Day Thirty-Seven

Artesia, NM to Roswell, NM

With a tailwind, this was another fast day. I started out  with Pepsi for breakfast. I drank all I could of the second 2-liter bottle from last night  (there was a refrigerator in the room, so at least it wasn't warm), then I poured out the rest. I didn't feel too good afterward, but I swallowed enough calories to get me through the day.

There were two roads to Roswell--the straight, wide, barren  US 285 and SR-2, the old US 285 that paralleled the railroad tracks and went through several towns. Since I didn't have a lot of miles to cover, I opted for the more scenic latter option, which was several miles longer. This was also a more historic route. SR 2 ran parallel to the Pecos River, and somewhere in between the two was the legendary  Goodnight-Loving Trail, which was used to drive  cattle north from Texas in the 1860's (the trail went west, then north through New Mexico to  avoid Comanche country and to use  the water of the Pecos River).  About 12 miles north of Artesia, I came to Lake Arthur. I was hoping to mail home several pounds of books before I got to the mountains, but alas, the Lake Arthur post office was closed. A few miles north on SR 2, I came to a night club called El Gomez. It seemed to be in the middle of nowhere, but I think the idea was to put it halfway between Lake Arthur and Hagerman, drawing from both towns. I wouldn't want to be on SR 2 at closing time.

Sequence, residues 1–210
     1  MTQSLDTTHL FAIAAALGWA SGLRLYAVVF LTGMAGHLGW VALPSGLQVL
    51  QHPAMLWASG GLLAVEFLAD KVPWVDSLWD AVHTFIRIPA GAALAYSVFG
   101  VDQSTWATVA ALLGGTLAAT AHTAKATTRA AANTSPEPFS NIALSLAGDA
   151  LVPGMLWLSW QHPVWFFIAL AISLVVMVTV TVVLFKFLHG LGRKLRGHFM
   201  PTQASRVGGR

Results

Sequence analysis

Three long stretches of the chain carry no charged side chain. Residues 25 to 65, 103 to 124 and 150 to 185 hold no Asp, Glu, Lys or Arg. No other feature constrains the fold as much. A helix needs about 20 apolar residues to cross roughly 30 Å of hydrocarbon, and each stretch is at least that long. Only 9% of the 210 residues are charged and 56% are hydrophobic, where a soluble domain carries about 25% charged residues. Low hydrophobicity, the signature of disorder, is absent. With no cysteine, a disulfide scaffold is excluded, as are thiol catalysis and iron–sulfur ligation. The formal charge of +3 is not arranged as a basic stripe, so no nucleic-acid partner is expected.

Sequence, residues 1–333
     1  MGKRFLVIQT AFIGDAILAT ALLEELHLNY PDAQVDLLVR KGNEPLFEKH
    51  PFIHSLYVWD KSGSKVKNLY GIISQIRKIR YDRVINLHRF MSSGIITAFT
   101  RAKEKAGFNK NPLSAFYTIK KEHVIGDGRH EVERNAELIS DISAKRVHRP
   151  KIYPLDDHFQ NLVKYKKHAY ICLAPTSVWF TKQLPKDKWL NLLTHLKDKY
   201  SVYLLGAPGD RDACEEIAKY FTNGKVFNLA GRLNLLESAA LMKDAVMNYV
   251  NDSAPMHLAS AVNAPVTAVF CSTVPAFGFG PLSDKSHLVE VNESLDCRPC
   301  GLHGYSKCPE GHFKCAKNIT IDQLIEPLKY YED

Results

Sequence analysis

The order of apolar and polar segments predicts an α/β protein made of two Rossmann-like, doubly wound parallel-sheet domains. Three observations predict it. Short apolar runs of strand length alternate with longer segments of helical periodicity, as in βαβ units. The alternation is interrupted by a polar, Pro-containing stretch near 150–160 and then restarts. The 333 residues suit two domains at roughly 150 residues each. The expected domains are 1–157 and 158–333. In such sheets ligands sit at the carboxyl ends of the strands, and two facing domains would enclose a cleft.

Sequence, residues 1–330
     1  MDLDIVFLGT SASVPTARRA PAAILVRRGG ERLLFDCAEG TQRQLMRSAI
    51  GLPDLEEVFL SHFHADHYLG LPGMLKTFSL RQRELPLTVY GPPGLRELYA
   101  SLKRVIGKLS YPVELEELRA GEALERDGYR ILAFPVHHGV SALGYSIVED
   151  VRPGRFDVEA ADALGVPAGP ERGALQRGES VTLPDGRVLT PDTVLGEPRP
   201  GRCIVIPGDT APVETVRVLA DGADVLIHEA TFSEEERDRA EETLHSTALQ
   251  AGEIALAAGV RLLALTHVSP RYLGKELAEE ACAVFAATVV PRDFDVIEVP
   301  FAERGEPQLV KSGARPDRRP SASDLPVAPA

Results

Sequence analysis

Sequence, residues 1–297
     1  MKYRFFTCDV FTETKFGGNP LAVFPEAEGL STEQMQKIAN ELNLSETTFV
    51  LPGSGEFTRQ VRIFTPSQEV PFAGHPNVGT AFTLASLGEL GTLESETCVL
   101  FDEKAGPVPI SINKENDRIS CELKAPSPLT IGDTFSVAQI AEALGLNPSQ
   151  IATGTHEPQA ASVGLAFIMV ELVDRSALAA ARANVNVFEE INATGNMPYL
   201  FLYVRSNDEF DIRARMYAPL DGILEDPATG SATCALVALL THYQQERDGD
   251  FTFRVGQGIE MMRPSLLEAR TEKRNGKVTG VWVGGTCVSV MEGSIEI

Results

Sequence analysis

Hagerman was a bigger town, with a Chevron station and even an Italian restaurant. A red pick-up slowed down as it passed. A few moments later, the same truck came back toward me, stopping in the middle of the road. The young woman driving called out to me, " Are you in the Olympics?" Now there's a question I don't hear every day! I suppose if they came up with a biathlon of cycling and taking pictures, I might have a chance.

North of Hagerman, an awesome old steel truss bridge over the dry Felix River had been bypassed but not demolished. I took several photos, but a barbed-wire fence prevented me from crossing on it. The last notable town before Roswell was Dexter. North of Dexter, traffic was heavier and the road surface deteriorated. This was the only time I wished I had been on US 285 instead. Soon enough, SR 2 merged with US 285 into Roswell.

The welcome sign proclaimed Roswell to be the dairy capital of the Southwest, but people don't come to this town to see cows get milked. They come because of the " Roswell Incident," a supposed U.F.O. crash back in 1947.  I had planned to take lots of pictures of the goofy U.F.O.-themed businesses in town, but for some reason I just didn't feel like it today. I think I was in a bit of shock because with 45,000 people (and perhaps a few aliens), Roswell was three times larger than any town I had visited since Longview  more than two  weeks ago. It made me wonder how I would fare back in my city of three million when this trip is finished.

I checked into the Leisure Inn, one of the two westernmost motels on US 70. This way I would be able to get out of town quickly, headed toward my toughest day yet. My next goal was Capitan, 70 miles away and, more importantly, some 3,000 feet higher than Roswell.

Totals for the day: 50.90 miles in 3:13:29 for a 15.7 mph average.

Click here to see today's photos.

Copyright 2002-2013 David Johnsen. All rights reserved.